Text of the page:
This article is part of our special report Diversity in the media: representing the EU’s inclusion agenda.
When it comes to progress on diversity and inclusion (D&I) both on and off-screen, MEP Evin Incir told EURACTIV, the EU has a long way to go before its words, contained in a number of strategies and action plans, turn into action.
She said the biggest obstacle for progress is often in the EU Council, where member states block more decisive action, but acknowledged that EU institutions are not leading by example as they still lag behind in diverse representation.
Swedish MEP Evin Incir is the co-president of the European Parliament’s Anti-Racism and Diversity intergroup and member of the LGBTI intergroup and a member of EU40.
What are your thoughts on the current state of D&I in Europe and the part that the EU can play in making improvements moving forwards? Why is the role of the media sector so important in this?
The lack of diversity and inclusion in media is a portrait of society as a whole. It is a symptom of a lack of progress in society. Still in 2022, we have a power order that shuts us out because of race, gender, colour, sexuality, sexual belonging and disability.
Society as a whole and the media sector, in particular, must take responsibility to not reproduce a power structure that benefits the few and oppresses the many. Each and every person in our union must be able to fulfil their dreams. We therefore need to break down visible barriers, such as discrimination, and invisible barriers, such as lack of representation. They are both in the end connected to each other.
I am glad that we are seeing more of an intersectional approach in different strategies and action plans – Gender Equality Strategy, LGBTIQ-strategy, Anti-racism Action Plan, etc., but we still have a long way left to go beyond our words and turn them into action, especially in the current time of backlash.
Often there’s a focus on on-screen representation, but there’s also a significant D&I gap off-screen, particularly in less-visible roles in the media sector. What role do you see the EU playing here when it comes to ensuring wider access to jobs in the industry?
Off and on-screening representation goes hand in hand. When it is a challenge to assume a less visible role, a more visible role becomes even harder to get. The EU and its member states can and must encourage diversity and all our citizens’ possibility to get a job based on their talent by increasing skills among unrepresented groups as well as supporting industries that take responsibility for greater inclusion.
There has been a lot of focus on awareness-raising in current and past initiatives. Do you think this is being sufficiently complemented with substantive actions?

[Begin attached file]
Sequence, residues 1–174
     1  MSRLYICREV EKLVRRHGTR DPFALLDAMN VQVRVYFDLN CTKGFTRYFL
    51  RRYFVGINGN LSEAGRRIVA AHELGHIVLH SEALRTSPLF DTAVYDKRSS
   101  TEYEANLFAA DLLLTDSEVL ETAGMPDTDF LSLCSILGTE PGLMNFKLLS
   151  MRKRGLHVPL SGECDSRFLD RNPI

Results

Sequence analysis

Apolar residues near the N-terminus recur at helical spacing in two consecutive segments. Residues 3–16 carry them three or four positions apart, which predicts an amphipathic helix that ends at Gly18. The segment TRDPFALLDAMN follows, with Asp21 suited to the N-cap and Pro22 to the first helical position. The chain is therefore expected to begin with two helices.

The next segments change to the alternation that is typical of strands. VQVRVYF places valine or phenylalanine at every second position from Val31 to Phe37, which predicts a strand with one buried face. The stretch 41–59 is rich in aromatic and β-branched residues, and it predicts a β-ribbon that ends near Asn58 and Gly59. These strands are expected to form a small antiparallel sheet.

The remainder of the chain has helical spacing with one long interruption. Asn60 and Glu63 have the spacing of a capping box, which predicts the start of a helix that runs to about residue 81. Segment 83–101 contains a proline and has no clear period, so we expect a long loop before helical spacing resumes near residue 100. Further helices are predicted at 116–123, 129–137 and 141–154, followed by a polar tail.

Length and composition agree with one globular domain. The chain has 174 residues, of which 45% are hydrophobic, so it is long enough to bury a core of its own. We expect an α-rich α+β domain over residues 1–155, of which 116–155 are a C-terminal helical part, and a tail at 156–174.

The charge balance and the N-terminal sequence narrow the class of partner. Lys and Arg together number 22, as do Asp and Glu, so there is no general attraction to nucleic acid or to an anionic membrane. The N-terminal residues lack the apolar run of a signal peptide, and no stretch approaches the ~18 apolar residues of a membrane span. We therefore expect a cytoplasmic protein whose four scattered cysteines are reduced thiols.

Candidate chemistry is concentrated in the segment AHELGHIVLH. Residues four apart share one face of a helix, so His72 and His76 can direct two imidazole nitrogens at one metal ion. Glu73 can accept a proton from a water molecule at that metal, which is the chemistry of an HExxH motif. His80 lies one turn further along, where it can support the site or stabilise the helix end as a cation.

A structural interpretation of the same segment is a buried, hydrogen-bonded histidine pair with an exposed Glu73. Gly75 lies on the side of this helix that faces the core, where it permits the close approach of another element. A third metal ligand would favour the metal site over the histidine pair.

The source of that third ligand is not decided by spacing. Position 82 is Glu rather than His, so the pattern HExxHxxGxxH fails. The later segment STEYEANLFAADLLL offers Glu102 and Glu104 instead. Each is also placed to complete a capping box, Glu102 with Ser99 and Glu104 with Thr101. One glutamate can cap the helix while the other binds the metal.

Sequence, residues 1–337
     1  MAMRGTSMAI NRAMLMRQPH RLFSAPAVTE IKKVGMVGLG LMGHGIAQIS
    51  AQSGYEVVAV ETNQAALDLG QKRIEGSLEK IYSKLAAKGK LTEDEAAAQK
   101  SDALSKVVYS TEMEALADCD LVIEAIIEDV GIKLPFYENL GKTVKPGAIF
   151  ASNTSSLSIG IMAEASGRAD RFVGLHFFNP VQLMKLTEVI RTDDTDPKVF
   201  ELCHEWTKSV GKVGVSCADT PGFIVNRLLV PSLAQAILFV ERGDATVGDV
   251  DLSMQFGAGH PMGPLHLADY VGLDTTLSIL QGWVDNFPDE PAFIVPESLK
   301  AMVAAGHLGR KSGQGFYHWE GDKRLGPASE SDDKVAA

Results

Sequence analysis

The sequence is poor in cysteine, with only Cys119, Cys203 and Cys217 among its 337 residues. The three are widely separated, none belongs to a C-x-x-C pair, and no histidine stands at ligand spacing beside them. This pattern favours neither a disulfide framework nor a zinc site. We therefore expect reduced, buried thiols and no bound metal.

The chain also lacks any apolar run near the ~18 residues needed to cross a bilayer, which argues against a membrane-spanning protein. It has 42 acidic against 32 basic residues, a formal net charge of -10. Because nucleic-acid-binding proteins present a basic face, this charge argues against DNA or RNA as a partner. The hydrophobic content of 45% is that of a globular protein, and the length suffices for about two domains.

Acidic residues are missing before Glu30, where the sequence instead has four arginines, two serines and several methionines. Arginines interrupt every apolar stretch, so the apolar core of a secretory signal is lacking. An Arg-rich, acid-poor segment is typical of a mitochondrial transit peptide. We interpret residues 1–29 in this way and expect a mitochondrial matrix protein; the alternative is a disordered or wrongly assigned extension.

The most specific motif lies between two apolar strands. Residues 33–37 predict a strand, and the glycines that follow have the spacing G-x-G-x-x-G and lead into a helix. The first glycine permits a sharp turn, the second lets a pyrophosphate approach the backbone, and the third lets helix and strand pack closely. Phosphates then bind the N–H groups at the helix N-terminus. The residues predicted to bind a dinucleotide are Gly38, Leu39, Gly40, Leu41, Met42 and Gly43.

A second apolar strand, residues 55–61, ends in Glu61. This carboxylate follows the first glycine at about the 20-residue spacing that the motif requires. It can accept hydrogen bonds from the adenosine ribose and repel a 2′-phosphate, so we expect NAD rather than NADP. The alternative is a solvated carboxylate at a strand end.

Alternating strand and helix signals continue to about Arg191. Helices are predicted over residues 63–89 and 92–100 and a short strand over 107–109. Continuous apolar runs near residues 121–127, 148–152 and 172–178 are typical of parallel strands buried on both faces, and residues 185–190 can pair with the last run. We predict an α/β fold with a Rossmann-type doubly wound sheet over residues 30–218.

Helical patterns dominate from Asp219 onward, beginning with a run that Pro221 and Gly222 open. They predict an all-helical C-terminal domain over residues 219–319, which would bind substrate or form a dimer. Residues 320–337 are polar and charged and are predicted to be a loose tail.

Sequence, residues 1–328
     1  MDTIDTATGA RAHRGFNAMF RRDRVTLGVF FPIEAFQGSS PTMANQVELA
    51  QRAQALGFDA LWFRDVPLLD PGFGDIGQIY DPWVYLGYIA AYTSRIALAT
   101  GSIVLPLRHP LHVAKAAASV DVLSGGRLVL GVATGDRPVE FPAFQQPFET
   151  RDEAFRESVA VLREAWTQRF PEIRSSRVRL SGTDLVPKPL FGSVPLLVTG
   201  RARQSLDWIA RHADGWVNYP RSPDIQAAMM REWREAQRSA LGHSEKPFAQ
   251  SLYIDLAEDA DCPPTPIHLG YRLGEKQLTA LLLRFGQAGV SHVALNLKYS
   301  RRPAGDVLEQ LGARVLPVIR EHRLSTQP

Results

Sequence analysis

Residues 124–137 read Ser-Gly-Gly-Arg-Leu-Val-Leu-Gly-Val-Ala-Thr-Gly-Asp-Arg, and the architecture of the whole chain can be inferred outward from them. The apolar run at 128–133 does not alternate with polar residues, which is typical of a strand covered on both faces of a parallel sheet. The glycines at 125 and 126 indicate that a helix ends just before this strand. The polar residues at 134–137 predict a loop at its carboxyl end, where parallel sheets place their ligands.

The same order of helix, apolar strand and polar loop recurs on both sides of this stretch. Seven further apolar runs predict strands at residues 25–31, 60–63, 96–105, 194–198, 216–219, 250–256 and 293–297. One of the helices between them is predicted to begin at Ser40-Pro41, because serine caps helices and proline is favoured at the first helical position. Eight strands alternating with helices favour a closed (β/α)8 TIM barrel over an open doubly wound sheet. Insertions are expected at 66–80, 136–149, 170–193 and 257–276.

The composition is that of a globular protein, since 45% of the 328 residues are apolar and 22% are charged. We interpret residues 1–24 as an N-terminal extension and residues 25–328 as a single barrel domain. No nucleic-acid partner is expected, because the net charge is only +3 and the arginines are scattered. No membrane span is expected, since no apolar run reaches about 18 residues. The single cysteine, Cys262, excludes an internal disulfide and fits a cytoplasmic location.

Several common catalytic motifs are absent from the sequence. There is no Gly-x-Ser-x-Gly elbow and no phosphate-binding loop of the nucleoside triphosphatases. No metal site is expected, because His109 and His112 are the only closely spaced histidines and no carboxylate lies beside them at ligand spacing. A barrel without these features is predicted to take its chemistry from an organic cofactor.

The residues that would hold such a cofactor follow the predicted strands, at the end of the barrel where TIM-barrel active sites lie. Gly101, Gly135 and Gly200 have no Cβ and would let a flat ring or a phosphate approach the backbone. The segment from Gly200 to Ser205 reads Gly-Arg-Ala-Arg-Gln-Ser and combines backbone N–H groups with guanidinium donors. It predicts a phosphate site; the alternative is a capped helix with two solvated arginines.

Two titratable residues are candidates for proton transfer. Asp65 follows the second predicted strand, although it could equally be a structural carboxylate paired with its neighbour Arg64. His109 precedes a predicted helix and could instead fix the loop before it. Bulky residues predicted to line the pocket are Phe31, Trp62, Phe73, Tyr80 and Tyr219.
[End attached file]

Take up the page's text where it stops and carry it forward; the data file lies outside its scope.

Many times the media sector is unfortunately forgotten when talking about diversity. We need to address it more and with concrete goals, for both traditional and social media.
It is especially worrying in those EU member states where we see a backlash. That backlash includes a stone-age mentality of what is “normal” and attacks on already vulnerable groups in our society as well as the politicization of media. Free and independent media is essential, including state-owned media and support, to ensure that all institutions in society mirror the population.
Do you see a lack of action when it comes to the EU’s response to national-level developments, such as the recent Hungarian media law targeting LGBTQ+ rights?
The EU contains mainly three different institutions. Among them, I am disappointed at the EU Council the most; it constitutes a barrier for the EU to be even harder against governments such as the ones in Hungary and Poland. It is time to use the new rule of law mechanism, but because of the deal done in the Council, still one year after the mechanism was introduced, it has not been implemented. We are still waiting for the judgement of the Court of Justice of the European Union.
How does this, and the lack of diverse representation within the EU institutions themselves, fit with commitments to promote and protect the rights of different groups in the media or other sectors?
It is of course a part of the same struggle. However, it is crucial that the EU institutions themselves live up to what they preach- domestically and in external actions, otherwise, they will not become trustworthy. And to be frank, the EU institutions are still lagging behind, like the rest of the society.
I am happy though that Commissioner for Equality Helena Dalli has intensified the struggle for inclusion during this mandate. But for true inclusion, the whole Commission must take its share of responsibility and ensure that the member states and private sector do the same.
Is enough attention being paid to long-term progress, or vice-versa: are current initiatives failing to address the need for action in the short term?
There are both long-term and short-term goals in place, even though the long-term ones are harder to achieve and are much more dependent on the member states also doing their share. Among the short-term goals, I welcome last year’s appointment of the first-ever anti-racism coordinator. One of the most important next steps would be that the EU Council helped out by unblocking the horizontal anti-discrimination directive which encompasses more discrimination grounds than today and includes a bigger part of society.
[Edited by Luca Bertuzzi/Zoran Radosavljevic]